This Padma Shri awardee from Tiruchy strives for better sanitisation for rural India

Marachi Subburaman was amongst the several who won Padma Shri, for his incredible social work

NewsBharati    17-Nov-2021
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- Kinjal Yogesh Dixit  
Marachi Subburaman was one amongst the several incredible people who won the Padma Shri this past week. The 71-year-old social worker, who has been pouring in efforts for years to help reform the sanitation in the rural areas, has now received a well-deserved national recognition for the same.

Marachi Subburaman_1 
Subburaman’s NGO - Society for Community Organisation and Peoples Education (SCOPE), has focused on improving sanitation in rural India from the year 1986. He was born in the village of Inungur Pudupatti, Kulithalai and was the first graduate from his village. He witnessed the struggles faced by villagers, only when he himself started working. The turning point came in 1976. He had just started his first job at the Village Reconstruction Organisation. He had to travel to various villages to study them, before constructing houses there.
When he was deputed to the village of Madagam, Pudukkottai, he was shocked to find that a tank near which he was directed to relieve himself, was actually used for all kinds of purposes. When he enquired further, he was horrified to learn that the water he consumed the previous night, had come from the very same tank. He immediately dug a pit in the village, bought a toilet pan for Rs. 25 and fit into the pit. That makeshift ‘toilet’ still stands in that village!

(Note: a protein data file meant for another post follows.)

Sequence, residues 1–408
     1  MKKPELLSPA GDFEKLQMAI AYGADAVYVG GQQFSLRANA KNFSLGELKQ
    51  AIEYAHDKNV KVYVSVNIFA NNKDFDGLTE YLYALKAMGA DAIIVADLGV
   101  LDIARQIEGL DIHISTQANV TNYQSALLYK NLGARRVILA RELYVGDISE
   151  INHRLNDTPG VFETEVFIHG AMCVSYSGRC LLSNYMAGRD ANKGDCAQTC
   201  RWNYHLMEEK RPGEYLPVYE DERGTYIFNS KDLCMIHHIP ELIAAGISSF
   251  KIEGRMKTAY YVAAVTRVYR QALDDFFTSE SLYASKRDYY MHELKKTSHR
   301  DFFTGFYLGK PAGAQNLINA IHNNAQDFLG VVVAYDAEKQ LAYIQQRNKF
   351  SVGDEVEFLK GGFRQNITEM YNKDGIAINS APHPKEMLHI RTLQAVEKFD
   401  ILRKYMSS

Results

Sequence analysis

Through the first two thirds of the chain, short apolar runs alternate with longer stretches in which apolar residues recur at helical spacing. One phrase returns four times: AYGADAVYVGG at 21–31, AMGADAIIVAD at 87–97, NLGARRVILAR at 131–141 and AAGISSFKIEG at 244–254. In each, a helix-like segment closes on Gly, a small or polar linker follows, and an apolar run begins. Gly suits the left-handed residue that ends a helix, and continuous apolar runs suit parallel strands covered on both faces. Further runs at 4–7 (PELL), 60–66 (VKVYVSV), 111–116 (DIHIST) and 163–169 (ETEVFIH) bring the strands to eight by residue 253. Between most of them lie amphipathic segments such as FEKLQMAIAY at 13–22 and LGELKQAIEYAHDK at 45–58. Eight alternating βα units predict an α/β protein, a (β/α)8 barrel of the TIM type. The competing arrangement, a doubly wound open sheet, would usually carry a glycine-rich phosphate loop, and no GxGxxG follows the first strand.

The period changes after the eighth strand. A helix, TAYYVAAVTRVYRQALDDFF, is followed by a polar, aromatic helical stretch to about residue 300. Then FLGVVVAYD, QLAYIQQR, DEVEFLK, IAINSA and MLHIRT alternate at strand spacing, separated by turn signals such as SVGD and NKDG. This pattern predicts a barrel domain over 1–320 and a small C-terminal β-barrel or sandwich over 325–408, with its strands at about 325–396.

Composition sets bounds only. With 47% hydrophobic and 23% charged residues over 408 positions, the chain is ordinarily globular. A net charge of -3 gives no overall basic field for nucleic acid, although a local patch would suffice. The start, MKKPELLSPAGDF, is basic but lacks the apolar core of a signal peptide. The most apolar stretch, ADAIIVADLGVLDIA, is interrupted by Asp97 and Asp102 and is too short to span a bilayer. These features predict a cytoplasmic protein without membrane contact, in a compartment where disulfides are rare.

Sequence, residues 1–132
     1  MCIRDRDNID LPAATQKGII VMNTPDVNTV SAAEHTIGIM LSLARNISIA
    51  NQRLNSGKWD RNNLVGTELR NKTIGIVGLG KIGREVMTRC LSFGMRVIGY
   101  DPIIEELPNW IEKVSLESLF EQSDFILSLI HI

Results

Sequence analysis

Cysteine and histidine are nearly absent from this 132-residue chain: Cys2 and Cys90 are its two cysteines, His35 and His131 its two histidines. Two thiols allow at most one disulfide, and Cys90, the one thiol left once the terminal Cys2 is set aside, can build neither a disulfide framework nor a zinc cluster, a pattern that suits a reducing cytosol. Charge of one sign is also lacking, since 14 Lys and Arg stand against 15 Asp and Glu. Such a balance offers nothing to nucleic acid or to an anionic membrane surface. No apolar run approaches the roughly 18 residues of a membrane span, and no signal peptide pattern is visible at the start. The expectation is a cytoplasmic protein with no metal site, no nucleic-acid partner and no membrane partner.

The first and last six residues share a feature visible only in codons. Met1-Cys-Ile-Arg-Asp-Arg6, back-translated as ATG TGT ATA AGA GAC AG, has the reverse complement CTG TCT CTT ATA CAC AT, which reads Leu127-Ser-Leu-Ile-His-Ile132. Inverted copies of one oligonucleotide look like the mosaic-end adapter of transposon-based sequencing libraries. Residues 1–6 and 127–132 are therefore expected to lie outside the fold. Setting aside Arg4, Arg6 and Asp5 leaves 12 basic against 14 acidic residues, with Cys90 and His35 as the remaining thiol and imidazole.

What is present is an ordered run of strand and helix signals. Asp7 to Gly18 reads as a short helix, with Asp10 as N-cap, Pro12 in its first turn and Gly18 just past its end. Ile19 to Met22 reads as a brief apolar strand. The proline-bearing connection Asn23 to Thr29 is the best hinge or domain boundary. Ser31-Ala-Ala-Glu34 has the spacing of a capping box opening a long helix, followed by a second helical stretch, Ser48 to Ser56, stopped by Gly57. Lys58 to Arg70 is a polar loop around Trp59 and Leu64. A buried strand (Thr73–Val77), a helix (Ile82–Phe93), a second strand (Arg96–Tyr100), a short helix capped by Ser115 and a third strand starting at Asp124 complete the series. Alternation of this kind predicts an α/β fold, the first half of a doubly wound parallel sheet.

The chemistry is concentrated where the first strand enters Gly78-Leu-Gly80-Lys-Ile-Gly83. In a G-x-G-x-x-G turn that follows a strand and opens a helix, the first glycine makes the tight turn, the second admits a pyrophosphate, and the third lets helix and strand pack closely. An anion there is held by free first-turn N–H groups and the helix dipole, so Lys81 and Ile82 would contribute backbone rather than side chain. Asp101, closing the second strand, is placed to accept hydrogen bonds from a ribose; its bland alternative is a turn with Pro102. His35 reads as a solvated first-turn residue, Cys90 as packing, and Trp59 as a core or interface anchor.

However, SCOPE was initially started to help young widows and women. The first few years were focused on training women in tailoring, weaving and other income-generating activities. After 2-3 years, a study conducted showed how the income was being used. They realised that a lot of the income went into hospital expenditure, due to infections which contaminated drinking water and improper sanitation caused. That’s when they shifted focus to sanitation and drinking water.
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In Musiri, the groundwater level is very high, which is why normal toilet pits didn’t work properly. That’s when Subburaman thought of ECOSAN toilets (Ecological sanitation), which are dry toilets, having no flushes and septic tanks. Each outlet connects to different pits at the bottom, which alsos reduces wastage of water. It later turns into compost, which is excellent for the soil, he says.

Interestingly, he personally tests every new form of toilet before constructing it into any village. He himself uses an ECOSAN toilet at his own place. He first tried this model at the training centre at Thaneerpandal village in Musiri. They tested it for a couple years before giving it a green signal. Hence, they built the first ECOSAN community toilet in Musiri in 2005. They then became the resource centre for ECOSAN in India.

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The important point is that you cannot simply build a toilet anywhere. A location-specific toilet is very important. Solution to any problem shouldn’t lead to a new problem. SCOPE is also the recipient of the best NGO Award for clean villages in 2005 and the Nirmal Gram Puraskar Award for Best NGO in Sanitation in 2006.